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VIDEO-Abu Sayyaf hostages in Philippines make video plea

Filipino soldiers in a military tank transit at a road on the outskirts of Jolo, Sulu Island, southern Philippines, 27 April 2016. The Armed Forces of the Philippines (AFP) and the Philippine National Police (PNP) vowed to "neutralize" Abu Sayyaf terrorists after the beheading of a Canadian hostage, who was kidnapped from a resort in the southern Philippines along with three others in September.Image copyrightEPA
Image captionAfter the killing of Canadian John Ridsdel the Philippine military launched an offensive against Abu Sayyaf

Three hostages being held by militants in the Philippines have appeared in a video pleading for their governments to meet the captors’ demands.

The Canadian, Norwegian and Filipino men are being held by Abu Sayyaf, the Islamist militant separatists who last week beheaded Canadian John Ridsdel.

In the video, the hostages say if the demands are not met “we will be executed like our friend John”.

Abu Sayyaf has previously demanded a multi-million dollar ransom.

The Philippines and Canadian government have said they will not give in to ransom demands. The Philippines has also launched a military operation against the militant group.

 

John RidsdelImage copyrightEPA
Image captionMr Ridsdel was killed after no ransom was paid for his release

Mr Ridsdel was kidnapped from a marina near the city of Davao last September along with another Canadian, Robert Hall, his Filipina partner Marites Flor, and Kjartan Sekkingstad, a Norwegian.

They were taken to an Abu Sayyaf stronghold of the remote island of Jolo where Mr Ridsdel was killed on 25 April after a ransom deadline passed.


Abu Sayyaf: Analysis by Frank Gardner, BBC security correspondent

Founded in 1991, the Islamist terrorist and separatist group Abu Sayyaf is believed to have only a few hundred armed followers but it has managed to survive numerous assaults by the Philippine army, aided by US military trainers.

Since 2014, when its commanders started swearing allegiance to so-called Islamic State, Abu Sayyaf has intensified its drive to kidnap hostages for multi-million dollar ransoms, mimicking the practices of Islamist terror groups in the Middle East by issuing hostage plea videos with threats of beheading.

In the past, one of the most successful, if controversial, hostage mediations was carried out in 2000 by the late Libyan leader Colonel Gaddafi, when he bought the freedom of six western hostages for a reported million dollars a head.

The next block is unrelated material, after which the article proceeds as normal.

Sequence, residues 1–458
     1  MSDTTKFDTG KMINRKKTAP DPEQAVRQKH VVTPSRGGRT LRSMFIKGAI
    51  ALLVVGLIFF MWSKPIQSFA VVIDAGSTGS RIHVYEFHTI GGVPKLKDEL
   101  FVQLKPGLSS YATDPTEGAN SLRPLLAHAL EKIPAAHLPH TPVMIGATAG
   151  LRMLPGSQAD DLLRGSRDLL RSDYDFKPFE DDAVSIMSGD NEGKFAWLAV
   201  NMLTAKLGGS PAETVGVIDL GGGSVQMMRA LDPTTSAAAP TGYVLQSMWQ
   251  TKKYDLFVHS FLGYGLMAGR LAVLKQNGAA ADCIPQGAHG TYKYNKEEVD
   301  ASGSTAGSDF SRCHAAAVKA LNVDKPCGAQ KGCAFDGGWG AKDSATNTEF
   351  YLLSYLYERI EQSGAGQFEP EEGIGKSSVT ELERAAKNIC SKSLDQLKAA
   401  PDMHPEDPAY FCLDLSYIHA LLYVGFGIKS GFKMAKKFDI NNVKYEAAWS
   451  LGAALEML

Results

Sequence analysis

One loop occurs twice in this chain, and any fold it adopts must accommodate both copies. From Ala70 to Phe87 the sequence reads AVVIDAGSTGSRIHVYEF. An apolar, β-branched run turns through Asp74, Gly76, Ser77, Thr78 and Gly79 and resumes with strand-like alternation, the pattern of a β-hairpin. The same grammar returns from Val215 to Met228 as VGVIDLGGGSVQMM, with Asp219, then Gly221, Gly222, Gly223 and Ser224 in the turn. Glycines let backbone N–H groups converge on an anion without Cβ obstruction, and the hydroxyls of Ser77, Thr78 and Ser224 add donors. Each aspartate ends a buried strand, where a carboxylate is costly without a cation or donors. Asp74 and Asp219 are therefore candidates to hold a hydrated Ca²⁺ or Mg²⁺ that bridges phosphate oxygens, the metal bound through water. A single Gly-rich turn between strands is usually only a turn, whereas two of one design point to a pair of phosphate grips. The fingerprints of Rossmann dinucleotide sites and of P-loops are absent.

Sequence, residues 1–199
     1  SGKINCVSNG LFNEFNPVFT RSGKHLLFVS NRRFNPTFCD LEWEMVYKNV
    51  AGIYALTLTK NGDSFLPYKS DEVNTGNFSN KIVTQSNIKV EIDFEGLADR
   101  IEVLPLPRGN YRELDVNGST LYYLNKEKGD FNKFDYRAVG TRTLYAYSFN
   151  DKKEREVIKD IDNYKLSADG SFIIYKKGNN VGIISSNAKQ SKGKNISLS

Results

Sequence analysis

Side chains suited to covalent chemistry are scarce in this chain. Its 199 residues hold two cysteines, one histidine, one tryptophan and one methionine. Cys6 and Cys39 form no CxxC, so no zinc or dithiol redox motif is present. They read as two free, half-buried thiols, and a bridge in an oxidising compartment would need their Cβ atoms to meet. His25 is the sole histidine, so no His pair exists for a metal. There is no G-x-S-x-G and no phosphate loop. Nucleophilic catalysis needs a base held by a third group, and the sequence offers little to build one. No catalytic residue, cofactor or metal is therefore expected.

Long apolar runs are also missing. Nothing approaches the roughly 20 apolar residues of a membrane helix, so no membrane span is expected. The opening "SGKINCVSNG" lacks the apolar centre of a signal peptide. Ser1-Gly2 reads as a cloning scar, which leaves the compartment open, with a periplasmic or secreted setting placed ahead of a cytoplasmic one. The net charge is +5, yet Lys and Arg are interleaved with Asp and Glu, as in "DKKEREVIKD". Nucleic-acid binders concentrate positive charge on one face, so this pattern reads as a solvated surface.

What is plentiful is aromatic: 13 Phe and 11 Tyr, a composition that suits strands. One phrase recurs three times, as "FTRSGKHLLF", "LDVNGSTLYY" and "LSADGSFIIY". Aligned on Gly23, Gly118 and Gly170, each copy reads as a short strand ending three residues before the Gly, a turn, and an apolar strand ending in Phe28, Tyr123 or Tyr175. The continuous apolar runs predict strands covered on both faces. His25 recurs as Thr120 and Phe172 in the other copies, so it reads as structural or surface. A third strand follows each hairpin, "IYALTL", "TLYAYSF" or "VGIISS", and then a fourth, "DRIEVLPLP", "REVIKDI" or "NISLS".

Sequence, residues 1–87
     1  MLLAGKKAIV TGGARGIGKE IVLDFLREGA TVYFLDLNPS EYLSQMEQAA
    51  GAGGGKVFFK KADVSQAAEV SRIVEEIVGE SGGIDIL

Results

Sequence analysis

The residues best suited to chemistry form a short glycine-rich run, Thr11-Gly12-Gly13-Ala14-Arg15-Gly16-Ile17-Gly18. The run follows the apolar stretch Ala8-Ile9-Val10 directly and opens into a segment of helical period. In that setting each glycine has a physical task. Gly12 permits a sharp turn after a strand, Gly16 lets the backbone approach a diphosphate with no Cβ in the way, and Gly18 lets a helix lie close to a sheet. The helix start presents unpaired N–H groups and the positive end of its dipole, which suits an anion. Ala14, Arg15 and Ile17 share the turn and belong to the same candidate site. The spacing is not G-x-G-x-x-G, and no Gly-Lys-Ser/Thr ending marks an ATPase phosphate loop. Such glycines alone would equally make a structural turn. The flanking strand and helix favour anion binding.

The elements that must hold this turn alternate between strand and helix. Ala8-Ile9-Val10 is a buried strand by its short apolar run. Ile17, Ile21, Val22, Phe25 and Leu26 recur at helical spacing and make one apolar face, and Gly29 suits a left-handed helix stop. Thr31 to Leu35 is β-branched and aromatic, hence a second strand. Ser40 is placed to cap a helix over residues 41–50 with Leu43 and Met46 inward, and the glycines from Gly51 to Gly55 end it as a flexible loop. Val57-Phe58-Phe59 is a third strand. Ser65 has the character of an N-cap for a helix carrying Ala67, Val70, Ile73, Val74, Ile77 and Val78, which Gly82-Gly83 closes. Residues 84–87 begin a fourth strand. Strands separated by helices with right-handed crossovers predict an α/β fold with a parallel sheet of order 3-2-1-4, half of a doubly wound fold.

The large sums of money involved both then and since have led to accusations that Abu Sayyaf are really more interested in money than religion but their link to IS, however tenuous, appears to have only increased their fanaticism.


The new video, reported on Tuesday by the SITE Intelligence Group which monitors jihadist media, showed the three hostages with six gunmen standing behind them.

A masked militant warns Canada and the Philippines that the three remaining hostages would be killed “if you procrastinate once again”.

Mr Hall is shown saying the governments were being ordered to “meet the demand” of the kidnappers, without giving further details.

He also asked the Philippines government to “stop shooting at us and trying to kill us. These guys are going to do a good job of that.”

Mr Sekkingstad says that “if the demand is not met we will be executed like our friend John was a few days ago”.

Indonesian sailors released by Abu Sayyaf rest at a local official's house in Jolo, Philippines (2 May 2016)Image copyrightReuters
Image captionAbu Sayyaf released a group of 10 Indonesian sailors at the weekend
Indonesian sailors released by Abu Sayyaf get off a plane in Jakarta after being released (1 May 2016)Image copyrightAFP
Image captionThe group were flown to Jakarta, apparently after a ransom was paid

Ms Flor is seen pleading with several Philippines officials and candidates in the upcoming national election, saying “we want to be freed alive”, the AFP news agency reports.

Abu Sayyaf is a fragmented but violent militant group with its roots in the Islamist separatist insurgency in the southern Philippines. Several of its factions have aligned themselves with the so-called Islamic State.

It has repeatedly taken hostages over the years but has often released them in exchange for ransoms.

On Sunday, the group released 10 Indonesian sailors they had been holding for five weeks.

It is still holding several captives, including a group of eight Malaysians and Indonesians seized from boats and a Dutch birdwatcher taken in 2012.

Map showing Jolo and Davao

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Via: bbc.com

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